Financial theory teaches us that over time, share markets should deliver better returns to the investor than bank deposits and government paper. This is due to the fact that investment in shares entails more risk than investment in bonds and fixed deposits which offer fixed rates of return and are perceived to be less risky. Investments in risky investments have to offer higher returns to the investors as compensation for the extra risk they take on. Empirical evidence supports this and this article highlights how the Ugandan share market has out-performed investments in the government bond market and commercial bank fixed deposits over the three year period from October 2013 to October2016.
Share markets tend to experience considerable volatility from time to time. However, for investors prepared to wait it out during testing times, as evidenced by the recent bear market at the Uganda Securities Exchange (USE), we can expect share market investment to deliver considerably better long-run returns than supposedly ‘safer’ investments such as term deposits.
Analysis of share performance at the USE over the last three yearsLet us assume an investor decided to spread UGX 10 million over the eight locally listed counters on 31stOctober 2013 and deployed a ‘buy-and-hold’ strategy till 31st October2016. A few assumptions are made here:
- The investment is evenly spread across all the eight counters; i.e. UGX 1.25 million per counter;
- Analysis will not include transaction costs and taxation;
- All dividends earned are re-invested to purchase more of the listed firm’s stock; which is assumed to be readily available on the market.
- All dividends (both final and interim) are assumed to have been paid at the end of each calendar year and reinvested immediately.
- Government bonds of one year maturity were readily available for reinvestment of all the previous year’s bond proceeds.
- Bond rates were taken to be those prevailing at the rate offered in the nearest primary auction.
- Fixed deposit investments and Treasury bond investments are tax-free.
- Fixed deposits rates were based on the one year term deposits, rather than the more popular shorter-term deposits, which provide even lower returns
The table below indicates the expected value of the investor’s portfolio as at 31st October2016.
|Initial investment of UGX 10 million||Total sum at end of investment period||Annualized return|
|Investment equally split amongst all locally listed shares at USE||20,800,246||28%|
|Investment in one-year government bond rolled over throughout the three years||16,050,245||17%|
|Investment held in bank fixed deposit for the three year period||14,432,676||13%|
Source:USE data, BoU
The results indicate that an investment tracking the USE local counter index would earn an annualized return of 28%, way more than the return on an investment of the same amount in one year bonds (17%). An investment in commercial bank fixed deposits over the same period of time would only earn an annualized return of 13%.
During the period under review, government bond yields were at their peak and reached 23.86% in the last auction of October 2015 – when the last hypothetical bond was purchased.However, despite the bear market at the USE over the last two years, a well-diversified portfolio of stocks would have still outperformed the government bond yields.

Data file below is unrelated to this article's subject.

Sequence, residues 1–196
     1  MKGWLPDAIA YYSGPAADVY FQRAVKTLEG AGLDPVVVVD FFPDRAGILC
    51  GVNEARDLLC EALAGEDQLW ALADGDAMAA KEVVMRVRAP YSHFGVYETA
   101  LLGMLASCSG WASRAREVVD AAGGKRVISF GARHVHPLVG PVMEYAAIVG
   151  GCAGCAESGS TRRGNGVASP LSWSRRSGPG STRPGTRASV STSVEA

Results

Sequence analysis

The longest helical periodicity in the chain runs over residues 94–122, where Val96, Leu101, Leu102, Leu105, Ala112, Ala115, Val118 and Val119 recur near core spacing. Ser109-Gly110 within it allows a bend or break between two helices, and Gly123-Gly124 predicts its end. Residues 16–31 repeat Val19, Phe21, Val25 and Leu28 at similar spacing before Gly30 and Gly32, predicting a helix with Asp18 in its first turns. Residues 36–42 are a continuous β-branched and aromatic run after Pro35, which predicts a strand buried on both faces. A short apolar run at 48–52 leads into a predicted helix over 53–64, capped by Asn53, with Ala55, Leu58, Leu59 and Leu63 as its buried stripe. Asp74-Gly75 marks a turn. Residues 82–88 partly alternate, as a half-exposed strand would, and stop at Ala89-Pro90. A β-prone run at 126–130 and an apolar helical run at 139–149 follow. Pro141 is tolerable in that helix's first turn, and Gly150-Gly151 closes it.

A closer look at the individual counters as per the table below shows that BATU was the best performer with an annualized return of 105%. Positive returns were also realized on four of the other local counters. These were BOBU (13%), DFCU (17%),NVPL (2%) and UMEME (20%). Three counters posted negative returns over the period under consideration and these were NIC (-3%), Stanbic (-2%), and Uganda Clays (-26%).
Total dividends earned during the period of investment were close to UGX 3.6 million while capital gains were UGX 7.2 million, which combines to a total return of close to UGX10.8 million from the entire investment.
Performance of individual stocks at the USE from October 2013 to October 2016
|Company||Initial Investment (UGX) at 31/10/2013||No. of shares bought||Current number of shares as at 31/10/2016||Capital gains earned (UGX)||Dividends earned (UGX)||Value of shares at 31/10/2016||Total return(UGX)||Annualized return (%)|
Source: Author’s computations using data sourced from the USE
As per the above table, the BATU counter has had the highest share price rise from UGX 4,050 in October 2013 to UGX 30,000 in October 2016. This would have earned an investor capital gains of UGX 9,029,837. Capital gains were also prevalent on the BOBU and UMEME counters. Despite a fall in the share price of DFCU from UGX 1,202 to UGX 789 over the investment period, an investor would still earn an annualized return of 17% due to the dividend payments and bonus issue from that particular stock.
The following counters also issued bonus issues during the investment period: BOBU had a 1 for 5 bonus issue in 2013; DFCU had a 1 for 1 bonus issue in 2014,while NIC had an 11 for 8 bonus issue in 2014. These greatly increased on the dividend returns accruing to the investor given that all dividends earned were assumed to have been reinvested. In the above computation, bonus shares were considered to constitute dividend income to the investor.
The writer is a Research and Market Development Officer at the Capital Markets Authority (CMA). The findings, interpretations, and conclusions expressed in this article are entirely those of the author and do not necessarily represent the views of the CMA.